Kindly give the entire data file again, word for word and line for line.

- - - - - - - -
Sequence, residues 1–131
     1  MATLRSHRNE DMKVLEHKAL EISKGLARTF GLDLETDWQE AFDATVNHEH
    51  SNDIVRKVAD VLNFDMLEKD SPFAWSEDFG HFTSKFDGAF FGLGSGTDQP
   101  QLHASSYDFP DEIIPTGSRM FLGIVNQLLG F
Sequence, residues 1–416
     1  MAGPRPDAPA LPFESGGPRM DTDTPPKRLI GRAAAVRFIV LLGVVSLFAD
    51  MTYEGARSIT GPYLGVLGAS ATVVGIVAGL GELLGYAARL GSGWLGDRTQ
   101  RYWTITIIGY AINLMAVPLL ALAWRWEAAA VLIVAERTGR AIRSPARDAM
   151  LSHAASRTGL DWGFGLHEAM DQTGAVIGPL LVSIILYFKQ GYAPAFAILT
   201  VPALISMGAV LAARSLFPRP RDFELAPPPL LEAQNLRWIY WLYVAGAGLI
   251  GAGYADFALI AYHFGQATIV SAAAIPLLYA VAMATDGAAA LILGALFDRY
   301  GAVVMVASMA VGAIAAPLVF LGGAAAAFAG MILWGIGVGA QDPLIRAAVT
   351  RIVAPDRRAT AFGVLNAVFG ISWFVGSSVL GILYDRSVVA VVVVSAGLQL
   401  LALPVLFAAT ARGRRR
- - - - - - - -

Sequence, residues 1–131
     1  MATLRSHRNE DMKVLEHKAL EISKGLARTF GLDLETDWQE AFDATVNHEH
    51  SNDIVRKVAD VLNFDMLEKD SPFAWSEDFG HFTSKFDGAF FGLGSGTDQP
   101  QLHASSYDFP DEIIPTGSRM FLGIVNQLLG F
Sequence, residues 1–416
     1  MAGPRPDAPA LPFESGGPRM DTDTPPKRLI GRAAAVRFIV LLGVVSLFAD
    51  MTYEGARSIT GPYLGVLGAS ATVVGIVAGL GELLGYAARL GSGWLGDRTQ
   101  RYWTITIIGY AINLMAVPLL ALAWRWEAAA VLIVAERTGR AIRSPARDAM
   151  LSHAASRTGL DWGFGLHEAM DQTGAVIGPL LVSIILYFKQ GYAPAFAILT
   201  VPALISMGAV LAARSLFPRP RDFELAPPPL LEAQNLRWIY WLYVAGAGLI
   251  GAGYADFALI AYHFGQATIV SAAAIPLLYA VAMATDGAAA LILGALFDRY
   301  GAVVMVASMA VGAIAAPLVF LGGAAAAFAG MILWGIGVGA QDPLIRAAVT
   351  RIVAPDRRAT AFGVLNAVFG ISWFVGSSVL GILYDRSVVA VVVVSAGLQL
   401  LALPVLFAAT ARGRRR